Sample Size Does NOT Affect the Probability of a Type I Error

The delusion that it does was identified by Rosenthal and Gaito in 1963.  This delusion has persisted across several decades, despite many efforts to dispel it.  The effect of sample size is incorporated into the p value that is used to determine whether or not the researcher has data sufficiently discrepant with the null hypothesis to reject it.  If the effect is small, you will need a large sample to detect it.  If the effect is large, you will be able to detect it even with a small sample size.  It is easier to find big things than small things.  Accordingly, finding a "significant" effect with a small sample size is actually very impressive, as that is likely only if the effect is large.  Finding a significant result with a large sample could result only from the increased power associated with large sample sizes, even when the effect is so small as to be trivial.  Frankly, IMHO, the "significance" of an effect is a helluva lot less important than is estimation of the size of that effect.  This is a problem associated with the uncritical acceptance of NHST (Null Hypothesis Statistical Testing), amusing described by Cohen (1994) as SHIT (Statistical Hypothesis Inference Testing).

In my stats classes, I try to get this point across this way:

• I walk to the window and state the hypothesis that there are live ebola viruses on the ledge.  I look at the ledge carefully and then conclude I can't see any ebola viruses there, therefore I conclude that there are none there and I am willing to lick the ledge.  This is analogous to accepting a null hypothesis with research for which there was not sufficient power to detect the effect of interest.  It is a potentially deadly Type II error.
• Now I place my wallet on the ledge and ask my students to imagine that it is large, venomous spider, Phoneutria nigriventer.  I then stroll to the other end of the classroom, remove my glasses, and exclaim "Do not be putting your arm up on that ledge, there is a big spider on it."  From this distance my eyesight is very poor (20/400 in my good eye, and totally trash in the one affected by NAION), so this is analogous to obtaining a significant result even though power is low.  Such a result should indicate that the effect found is, in all likelihood, quite large.  Those who would dismiss such a result on the basis of small sample size are hereby invited to play with Phoneutria nigriventer.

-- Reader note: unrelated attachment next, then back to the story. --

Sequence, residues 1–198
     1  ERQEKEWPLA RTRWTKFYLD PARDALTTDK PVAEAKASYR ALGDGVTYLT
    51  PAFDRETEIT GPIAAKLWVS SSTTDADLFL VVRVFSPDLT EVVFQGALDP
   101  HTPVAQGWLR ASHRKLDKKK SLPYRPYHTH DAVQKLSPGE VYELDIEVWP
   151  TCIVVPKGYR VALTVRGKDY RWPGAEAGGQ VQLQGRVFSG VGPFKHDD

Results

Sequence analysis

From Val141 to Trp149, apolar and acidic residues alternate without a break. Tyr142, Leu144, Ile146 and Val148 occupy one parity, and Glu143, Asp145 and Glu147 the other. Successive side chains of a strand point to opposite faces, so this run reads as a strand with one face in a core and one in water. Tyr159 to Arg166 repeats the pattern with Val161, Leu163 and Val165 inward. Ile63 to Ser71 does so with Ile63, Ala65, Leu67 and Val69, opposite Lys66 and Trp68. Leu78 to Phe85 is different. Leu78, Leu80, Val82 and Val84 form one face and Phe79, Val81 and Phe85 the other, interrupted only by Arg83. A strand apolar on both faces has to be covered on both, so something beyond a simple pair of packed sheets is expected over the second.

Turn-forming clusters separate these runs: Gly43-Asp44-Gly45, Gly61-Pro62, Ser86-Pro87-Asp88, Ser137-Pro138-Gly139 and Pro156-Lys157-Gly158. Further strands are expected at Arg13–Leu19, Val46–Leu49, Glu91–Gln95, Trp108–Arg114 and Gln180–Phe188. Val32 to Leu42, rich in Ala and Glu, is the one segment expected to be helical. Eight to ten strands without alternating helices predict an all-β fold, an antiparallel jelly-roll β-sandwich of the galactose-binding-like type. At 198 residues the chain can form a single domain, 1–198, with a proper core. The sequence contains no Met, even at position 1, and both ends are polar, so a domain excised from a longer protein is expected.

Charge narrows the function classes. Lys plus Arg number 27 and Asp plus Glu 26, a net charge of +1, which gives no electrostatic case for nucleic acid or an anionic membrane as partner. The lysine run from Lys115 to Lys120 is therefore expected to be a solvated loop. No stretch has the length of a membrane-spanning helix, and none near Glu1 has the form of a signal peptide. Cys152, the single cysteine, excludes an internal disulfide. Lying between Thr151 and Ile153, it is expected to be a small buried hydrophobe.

I also ask my students to run this simulator, which will generate a sample of 10 scores randomly drawn from a normally distributed population in which the size of the effect is Cohen's d = 1 (large, a one standard deviation difference in means).  With a sample of 10 scores, nondirectional hypotheses, alpha .05, and a medium-sized effect, power would be 29% -- but the effect size is not medium, it is large.  In the long run, 80% of the samples would result in a significant result, reflecting a correct decision, not a Type I error.  Should we reject these correct decisions simply because they are based on a small sample size, and, accordingly, indicate that the effect detected is likely large?

Would the research have been better with a larger sample size?  Absolutely, because that would give one more precision with respect to estimation of the size of the effect.  With the parameters specified here, the standardized confidence interval for the effect size is most often greater than one standard deviation in width -- for example, running from 0.5 to 1.5.  While that still indicates that the effect is likely large, it would be better to have a tighter confidence interval, which would result with larger sample sizes.

There is another potential drawback to small sample sizes that could result in the overestimation of effect sizes.  Since journals are reluctant to publish work that is not significant, those studies which are significant are more likely to have overestimated the effect size than are those which are not published.  If the meta-analyst is not able to obtain the results of those unpublished studies, then the meta-analysis is likely to overestimate the true effect size.

References

• Rosenthal, R. & Gaito, J.  (1963).  The interpretation of levels of significance by psychological researchers, The Journal of Psychology, 55, 33-38, doi: 10.1080/00223980.1963.9916596

• Cohen, J. (1994).  The earth is round (p < .05).  American Psychologist, 49: 997-1003.

November, 2014.